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The Stock-Feeder's Manual - the chemistry of food in relation to the breeding and - feeding of live stock
by Charles Alexander Cameron
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The quantity of food consumed daily by an animal is, as might be expected, proportionate to the weight of its body. The pig consumes, for every 100 lbs. of its weight, from 26 to 30 lbs. of food, the sheep 15 lbs., and the ox 12 to 13 lbs. These figures and the statements which I have made relative to the proportions of fat and plastic elements in the animals' bodies, apply to them in their fattening state, and when the food is of a highly nutritious character. The calf and the young pig will make use—to cause their increase—of a larger portion of nitrogenous matters. The sheep, however, being early brought to maturity, will, even when very young, store up the plastic and non-plastic constituents of its food, in nearly the same relative proportions that I have mentioned.

As it is the food taken into the body that produces heat and motion, it might at first sight appear an easy matter to determine the amount of heat or of motion which a given weight of a particular kind of food is capable of producing within the animal mechanism. But this performance is not so easy a task as it appears to be. In the first place, all of the food may not be perfectly oxidised, though thoroughly disorganised within the body; secondly, as animals rarely subsist on one kind of food, it is difficult, when they are supplied with mixed aliments, to determine which of them is the most perfectly decomposed. But though the difficulties which I have mentioned, and many others, render the task of determining the nutritive values of food substances difficult, the problem is by no means insoluble, and, in fact, is in a fair way of being solved. Professor Frankland, in a paper published in the number of the Philosophical Magazine for September, 1866, determines the relative alimental value of foods by ascertaining the quantity of heat evolved by each when burned in oxygen gas. From the results of these researches he has constructed a table, showing the amount of food necessary to keep a man alive for twenty-four hours. The following figures, which I select from this table, are of interest to the stock-feeder:—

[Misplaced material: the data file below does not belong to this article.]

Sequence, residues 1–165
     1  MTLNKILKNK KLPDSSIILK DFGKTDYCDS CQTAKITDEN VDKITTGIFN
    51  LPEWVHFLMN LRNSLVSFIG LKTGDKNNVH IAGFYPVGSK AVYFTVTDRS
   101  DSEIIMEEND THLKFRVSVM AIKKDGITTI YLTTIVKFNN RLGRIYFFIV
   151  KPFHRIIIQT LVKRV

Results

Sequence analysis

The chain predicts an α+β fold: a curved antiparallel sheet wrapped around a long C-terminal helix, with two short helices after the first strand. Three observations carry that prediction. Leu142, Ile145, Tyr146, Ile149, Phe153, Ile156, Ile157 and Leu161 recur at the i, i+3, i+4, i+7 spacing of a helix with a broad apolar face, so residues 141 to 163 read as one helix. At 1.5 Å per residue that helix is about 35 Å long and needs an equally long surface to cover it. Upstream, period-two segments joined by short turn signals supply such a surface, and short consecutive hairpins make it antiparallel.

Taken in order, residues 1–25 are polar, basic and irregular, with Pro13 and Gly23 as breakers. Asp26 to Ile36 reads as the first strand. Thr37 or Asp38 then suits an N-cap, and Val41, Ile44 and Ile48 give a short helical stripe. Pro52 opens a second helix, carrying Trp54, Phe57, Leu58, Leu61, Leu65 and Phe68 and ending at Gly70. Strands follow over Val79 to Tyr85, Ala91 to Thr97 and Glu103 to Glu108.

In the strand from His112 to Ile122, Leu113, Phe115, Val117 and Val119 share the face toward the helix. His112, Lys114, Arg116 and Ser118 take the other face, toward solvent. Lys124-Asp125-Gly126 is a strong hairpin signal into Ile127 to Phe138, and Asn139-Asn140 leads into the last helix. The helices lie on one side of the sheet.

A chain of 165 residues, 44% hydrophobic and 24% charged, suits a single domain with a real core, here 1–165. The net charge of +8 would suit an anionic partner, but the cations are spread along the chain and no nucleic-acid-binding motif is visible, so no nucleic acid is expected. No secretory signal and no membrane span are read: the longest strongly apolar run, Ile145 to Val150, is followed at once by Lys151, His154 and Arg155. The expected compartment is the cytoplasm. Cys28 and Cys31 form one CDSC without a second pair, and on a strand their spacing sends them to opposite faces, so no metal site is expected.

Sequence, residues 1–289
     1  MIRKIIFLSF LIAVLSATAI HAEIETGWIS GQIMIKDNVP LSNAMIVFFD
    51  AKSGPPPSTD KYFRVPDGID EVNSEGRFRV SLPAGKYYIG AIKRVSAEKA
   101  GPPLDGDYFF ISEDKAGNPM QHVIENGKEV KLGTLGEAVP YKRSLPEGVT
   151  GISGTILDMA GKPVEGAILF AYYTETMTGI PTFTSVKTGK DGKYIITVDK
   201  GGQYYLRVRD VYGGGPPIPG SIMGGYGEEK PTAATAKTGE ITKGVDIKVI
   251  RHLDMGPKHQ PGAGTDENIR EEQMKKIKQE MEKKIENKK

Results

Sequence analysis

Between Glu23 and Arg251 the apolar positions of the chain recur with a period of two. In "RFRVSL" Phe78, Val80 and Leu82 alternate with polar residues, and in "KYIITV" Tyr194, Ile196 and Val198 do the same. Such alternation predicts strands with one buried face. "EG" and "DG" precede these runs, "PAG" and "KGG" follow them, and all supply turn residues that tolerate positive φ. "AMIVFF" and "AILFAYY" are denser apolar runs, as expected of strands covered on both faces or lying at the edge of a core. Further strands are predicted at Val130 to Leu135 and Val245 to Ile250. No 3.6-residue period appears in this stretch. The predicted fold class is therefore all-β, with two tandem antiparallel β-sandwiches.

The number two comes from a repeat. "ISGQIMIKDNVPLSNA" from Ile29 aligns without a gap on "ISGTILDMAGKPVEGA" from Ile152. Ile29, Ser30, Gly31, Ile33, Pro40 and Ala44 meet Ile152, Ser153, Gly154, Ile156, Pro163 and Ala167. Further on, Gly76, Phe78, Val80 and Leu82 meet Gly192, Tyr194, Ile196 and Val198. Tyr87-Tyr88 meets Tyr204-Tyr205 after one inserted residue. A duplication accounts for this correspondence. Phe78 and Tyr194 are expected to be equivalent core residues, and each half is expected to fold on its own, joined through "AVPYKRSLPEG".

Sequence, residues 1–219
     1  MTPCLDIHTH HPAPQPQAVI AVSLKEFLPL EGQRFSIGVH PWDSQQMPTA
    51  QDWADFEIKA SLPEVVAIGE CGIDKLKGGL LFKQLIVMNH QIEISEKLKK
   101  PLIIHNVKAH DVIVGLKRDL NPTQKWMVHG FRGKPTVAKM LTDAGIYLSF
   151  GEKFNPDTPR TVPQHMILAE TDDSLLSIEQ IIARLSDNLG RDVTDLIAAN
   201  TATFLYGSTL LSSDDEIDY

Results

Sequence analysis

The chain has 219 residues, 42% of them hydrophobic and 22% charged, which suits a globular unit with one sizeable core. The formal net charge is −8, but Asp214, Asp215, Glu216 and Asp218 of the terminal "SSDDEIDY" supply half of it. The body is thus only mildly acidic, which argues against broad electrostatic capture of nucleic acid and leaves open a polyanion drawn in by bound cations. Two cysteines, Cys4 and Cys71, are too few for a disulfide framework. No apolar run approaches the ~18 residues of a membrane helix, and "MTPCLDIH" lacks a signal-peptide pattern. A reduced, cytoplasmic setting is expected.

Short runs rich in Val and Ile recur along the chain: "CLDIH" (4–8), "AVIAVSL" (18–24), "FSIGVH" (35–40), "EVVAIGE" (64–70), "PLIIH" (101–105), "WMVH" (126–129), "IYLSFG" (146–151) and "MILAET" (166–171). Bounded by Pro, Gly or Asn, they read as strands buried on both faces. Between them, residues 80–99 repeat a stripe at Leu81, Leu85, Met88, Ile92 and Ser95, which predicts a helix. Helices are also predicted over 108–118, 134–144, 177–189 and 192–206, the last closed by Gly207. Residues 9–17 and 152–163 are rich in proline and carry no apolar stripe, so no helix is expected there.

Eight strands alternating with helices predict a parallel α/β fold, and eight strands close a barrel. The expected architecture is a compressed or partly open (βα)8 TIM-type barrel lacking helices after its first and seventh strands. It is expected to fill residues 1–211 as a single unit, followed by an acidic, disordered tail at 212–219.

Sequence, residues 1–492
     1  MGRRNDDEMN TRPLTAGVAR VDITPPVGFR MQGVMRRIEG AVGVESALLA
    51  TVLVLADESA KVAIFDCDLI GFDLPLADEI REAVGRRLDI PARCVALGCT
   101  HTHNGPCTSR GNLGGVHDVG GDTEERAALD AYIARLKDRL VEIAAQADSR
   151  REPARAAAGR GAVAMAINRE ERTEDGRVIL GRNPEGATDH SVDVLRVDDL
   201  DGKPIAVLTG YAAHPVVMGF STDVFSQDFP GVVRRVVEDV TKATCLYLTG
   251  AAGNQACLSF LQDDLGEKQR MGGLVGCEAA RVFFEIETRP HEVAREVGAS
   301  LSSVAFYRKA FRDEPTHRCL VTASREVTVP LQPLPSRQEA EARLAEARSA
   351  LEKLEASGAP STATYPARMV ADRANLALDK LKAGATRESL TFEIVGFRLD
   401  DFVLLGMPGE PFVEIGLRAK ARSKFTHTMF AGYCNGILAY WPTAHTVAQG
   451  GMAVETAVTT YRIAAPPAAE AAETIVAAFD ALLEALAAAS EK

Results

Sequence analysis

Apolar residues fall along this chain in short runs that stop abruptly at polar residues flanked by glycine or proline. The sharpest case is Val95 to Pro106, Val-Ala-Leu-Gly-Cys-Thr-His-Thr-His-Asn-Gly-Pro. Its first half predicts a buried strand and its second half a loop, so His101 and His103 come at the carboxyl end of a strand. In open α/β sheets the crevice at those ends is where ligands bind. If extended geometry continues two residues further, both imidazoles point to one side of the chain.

Weight necessary to sustain a man's life for twenty-four hours.

Kinds of Food. Ounces.

Potatoes 13.4 Apples 20.7 Oatmeal 3.4 Flour 3.5 Pea Meal 3.5 Bread 6.4 Milk 21.2 Carrots 25.6 Cabbage 31.8 Butter 1.8 Lump Sugar 3.9

These figures show the relative calefacient, or heat-producing powers of the different foods named outside the body; but there is some doubt as to their having the same relative values when burned within the body. The woody fibre of the carrots and cabbages is very combustible in the coal furnace, but it is very doubtful if more than 20 or 30 per cent. of this substance is ever burned in the animal furnace. However, such inquiries as those carried out by Frankland possess great value; and tables constructed upon their results cannot fail to be useful in the drawing up of dietary scales, whether for man or for the inferior animals.

I may here remark, that in my opinion the nutritive value of food admits of being very accurately determined by the adoption of the following method:—

1. The animal experimented upon to be supplied daily with a weighed quantity of food, the composition and calefacient value of which had been accurately determined. 2. The gases, vapors, and liquid and solid egesta thrown off from its body to be collected, analysed, and the calefacient[15] value of the combustible portion of them to be determined. 3. The increase (if any) of the weight of the animal to be ascertained. 4. The difference between the amount of heat evolvable by the foods before being consumed, and that actually obtained by the combustion of the egesta into which they were ultimately converted, would be the amount actually set free and rendered available within the body. The calculations would be somewhat affected by an increase in the weight of the animal's body; but it would not be difficult to keep the weight stationary, or nearly so, and there are other ways of getting over such a difficulty. An experiment such as this would be a costly one, and could not be properly conducted unless by the aid of an apparatus similar to that employed by Pettenkofer in his experiments on respiration. This apparatus, which was made at the expense of the King of Bavaria, cost nearly L600.